So the next time you search for something and get terrible results, take action!

Facebook Page Traffic: Still a Problem

I wrote earlier here about how traffic on non-profit Facebook pages is radically reduced because of algorithm changes. Some new data has been added from the Chicago Tribune:

Facebook’s algorithm isn’t surfacing one-third of our posts. And it’s getting worse

To give you a sense of scale, the Trib has over 500,000 followers on Facebook, much larger than most non-profits or small businesses. And yet, here’s some of the traffic stats they shared:

If you want a really thorough and wonky discussion of what this means, what Facebook recommends, and what to do next, check out this article. It’s not encouraging for those of us who manage pages with a much smaller audience.

 

Should you be on Facebook?

Shape 12This is a question I get a lot from scientists — there is a pretty widespread perception that Facebook isn’t serious, or that it’s a lot of work for little payoff.  The best way I know to answer is to point people at an amazing resource: The Pew Internet Study.

The Pew project releases 10-15 research reports each year. One of main reports is a yearly examination of how American adults and teens use social media.

Pew graph of social media use

As you can see from this graph, Facebook dominates the online world, and continues to grow. The overall trend is upward for all social networking platforms, so more people are adopting these platforms overall.

Other interesting bits of information you can glean from the Pew studies are demographics of different platforms. Here’s an example:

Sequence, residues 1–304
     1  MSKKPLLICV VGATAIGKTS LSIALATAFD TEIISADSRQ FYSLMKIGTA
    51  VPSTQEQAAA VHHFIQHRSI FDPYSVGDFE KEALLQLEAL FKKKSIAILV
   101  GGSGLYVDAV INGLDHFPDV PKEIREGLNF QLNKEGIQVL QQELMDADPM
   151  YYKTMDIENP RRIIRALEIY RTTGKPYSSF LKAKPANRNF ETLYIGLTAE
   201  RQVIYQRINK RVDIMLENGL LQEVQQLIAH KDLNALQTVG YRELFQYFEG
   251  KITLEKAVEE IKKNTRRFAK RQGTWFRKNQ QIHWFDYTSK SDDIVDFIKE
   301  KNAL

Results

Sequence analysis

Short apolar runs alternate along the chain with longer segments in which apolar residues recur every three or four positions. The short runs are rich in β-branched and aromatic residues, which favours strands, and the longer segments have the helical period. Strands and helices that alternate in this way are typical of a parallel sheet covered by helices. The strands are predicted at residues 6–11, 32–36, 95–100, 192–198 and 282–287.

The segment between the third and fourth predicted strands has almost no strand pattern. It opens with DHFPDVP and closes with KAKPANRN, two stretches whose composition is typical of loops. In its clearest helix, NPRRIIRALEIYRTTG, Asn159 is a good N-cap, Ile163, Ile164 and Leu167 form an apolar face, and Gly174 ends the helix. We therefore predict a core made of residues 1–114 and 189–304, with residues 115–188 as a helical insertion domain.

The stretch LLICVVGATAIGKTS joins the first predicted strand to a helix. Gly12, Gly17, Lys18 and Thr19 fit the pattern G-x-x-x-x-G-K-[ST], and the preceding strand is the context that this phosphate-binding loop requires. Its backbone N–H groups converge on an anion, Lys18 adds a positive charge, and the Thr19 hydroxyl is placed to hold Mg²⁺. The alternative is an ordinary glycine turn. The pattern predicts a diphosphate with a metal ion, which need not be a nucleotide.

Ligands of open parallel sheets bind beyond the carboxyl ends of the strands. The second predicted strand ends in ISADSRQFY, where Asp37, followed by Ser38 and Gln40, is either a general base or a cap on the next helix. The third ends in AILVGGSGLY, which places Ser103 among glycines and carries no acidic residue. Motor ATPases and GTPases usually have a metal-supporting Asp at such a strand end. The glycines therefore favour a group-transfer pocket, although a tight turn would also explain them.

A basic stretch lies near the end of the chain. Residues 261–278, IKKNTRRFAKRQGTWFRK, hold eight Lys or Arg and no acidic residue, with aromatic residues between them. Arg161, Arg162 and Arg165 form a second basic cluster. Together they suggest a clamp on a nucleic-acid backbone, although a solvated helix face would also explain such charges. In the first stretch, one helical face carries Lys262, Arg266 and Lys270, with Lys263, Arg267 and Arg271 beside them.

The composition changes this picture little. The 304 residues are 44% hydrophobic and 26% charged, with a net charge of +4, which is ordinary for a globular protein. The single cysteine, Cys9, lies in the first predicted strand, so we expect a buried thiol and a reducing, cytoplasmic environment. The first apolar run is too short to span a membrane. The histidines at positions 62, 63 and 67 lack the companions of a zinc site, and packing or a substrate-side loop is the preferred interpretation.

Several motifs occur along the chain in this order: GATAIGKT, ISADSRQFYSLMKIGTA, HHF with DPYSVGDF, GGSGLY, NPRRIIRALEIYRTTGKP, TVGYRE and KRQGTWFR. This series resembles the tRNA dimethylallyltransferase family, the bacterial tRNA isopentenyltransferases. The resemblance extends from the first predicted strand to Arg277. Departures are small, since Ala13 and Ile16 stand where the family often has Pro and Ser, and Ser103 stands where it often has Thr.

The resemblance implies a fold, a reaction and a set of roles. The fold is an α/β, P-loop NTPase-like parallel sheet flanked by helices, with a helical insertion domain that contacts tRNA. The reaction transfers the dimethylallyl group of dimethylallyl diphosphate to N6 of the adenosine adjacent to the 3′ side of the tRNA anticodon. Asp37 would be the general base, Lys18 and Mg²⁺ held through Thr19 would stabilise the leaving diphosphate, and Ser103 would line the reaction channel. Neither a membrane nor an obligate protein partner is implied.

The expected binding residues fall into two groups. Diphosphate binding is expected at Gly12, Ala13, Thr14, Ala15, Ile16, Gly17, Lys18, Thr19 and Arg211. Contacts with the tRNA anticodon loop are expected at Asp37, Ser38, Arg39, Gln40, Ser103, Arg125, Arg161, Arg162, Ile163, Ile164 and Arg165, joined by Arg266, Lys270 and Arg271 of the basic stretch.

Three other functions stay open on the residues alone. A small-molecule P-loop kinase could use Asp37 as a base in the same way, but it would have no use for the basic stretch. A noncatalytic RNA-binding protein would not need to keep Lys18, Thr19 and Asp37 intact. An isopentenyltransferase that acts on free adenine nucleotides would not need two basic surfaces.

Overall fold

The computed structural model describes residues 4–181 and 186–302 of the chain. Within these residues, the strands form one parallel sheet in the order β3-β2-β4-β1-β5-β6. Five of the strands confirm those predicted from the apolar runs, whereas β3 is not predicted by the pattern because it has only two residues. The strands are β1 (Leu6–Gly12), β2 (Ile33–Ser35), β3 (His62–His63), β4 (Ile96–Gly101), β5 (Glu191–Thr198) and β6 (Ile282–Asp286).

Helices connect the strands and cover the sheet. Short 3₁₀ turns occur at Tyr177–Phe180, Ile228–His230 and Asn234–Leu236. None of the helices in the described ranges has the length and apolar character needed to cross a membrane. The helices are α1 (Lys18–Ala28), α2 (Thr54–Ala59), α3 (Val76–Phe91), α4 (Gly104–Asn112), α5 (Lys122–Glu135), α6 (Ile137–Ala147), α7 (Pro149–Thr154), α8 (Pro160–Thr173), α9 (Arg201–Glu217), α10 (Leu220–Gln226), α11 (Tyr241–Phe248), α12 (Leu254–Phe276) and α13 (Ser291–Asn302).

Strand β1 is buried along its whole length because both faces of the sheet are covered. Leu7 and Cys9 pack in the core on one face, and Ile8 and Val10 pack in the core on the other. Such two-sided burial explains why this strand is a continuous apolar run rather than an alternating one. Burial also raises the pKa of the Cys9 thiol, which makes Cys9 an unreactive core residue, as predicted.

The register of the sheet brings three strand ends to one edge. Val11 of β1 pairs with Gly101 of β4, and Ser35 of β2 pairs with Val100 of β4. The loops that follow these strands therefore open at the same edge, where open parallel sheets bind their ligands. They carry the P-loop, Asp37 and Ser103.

“While Facebook is popular across a diverse mix of demographic groups, other sites have developed their own unique demographic user profiles. For example, Pinterest holds particular appeal to female users (women are four times as likely as men to be Pinterest users), and LinkedIn is especially popular among college graduates and internet users in higher income households. Twitter and Instagram have particular appeal to younger adults, urban dwellers, and non-whites.”

Pew also collects information about where people get news, and how linked that is to social media platforms.  Again, depending on what group you want to target, this can be extremely useful in deciding which online media to adopt.

One of the main themes in my social media consulting is to make sure that the online effort you expend is aligned to your organizational goals and key audiences. “The entire Internet” is not a useful or achievable target audience for engagement!  You have a limited amount of time and energy to put into social media, so make sure that the channels you choose have a high ROI (return on investment).

social media pathways to newsFacebook has a large user base, and those users do tend to get news via that particular social channel. There are additional factors you might consider in deciding where you choose to engage online.

Google Plus doesn’t have a large reach at the moment, but having a Google Plus page can help your page ranking and authorship status with Google Search.  You can also use a Google Plus page as part of a campaign to verify your local business or nature center as a destination on Google Maps.

There’s an additional complication: Facebook has made a lot of changes to it’s display algorithms since its IPO.  Right now  non-profit and small business pages are clearly at a major disadvantage… unless they pay for advertising or promotion. (By the way, a work-around for this is to attach an image to anything you post on Facebook. But they will probably figure out how to correct for that soon.)

If you’re evaluating where to invest time and energy online, or re-evaluating the effort you are expending now, I strongly recommend looking at the Pew Internet studies about where Americans get their news.

Be warned, though: it’s fascinating stuff, and you may discover that several hours have drifted by while you look at all the data!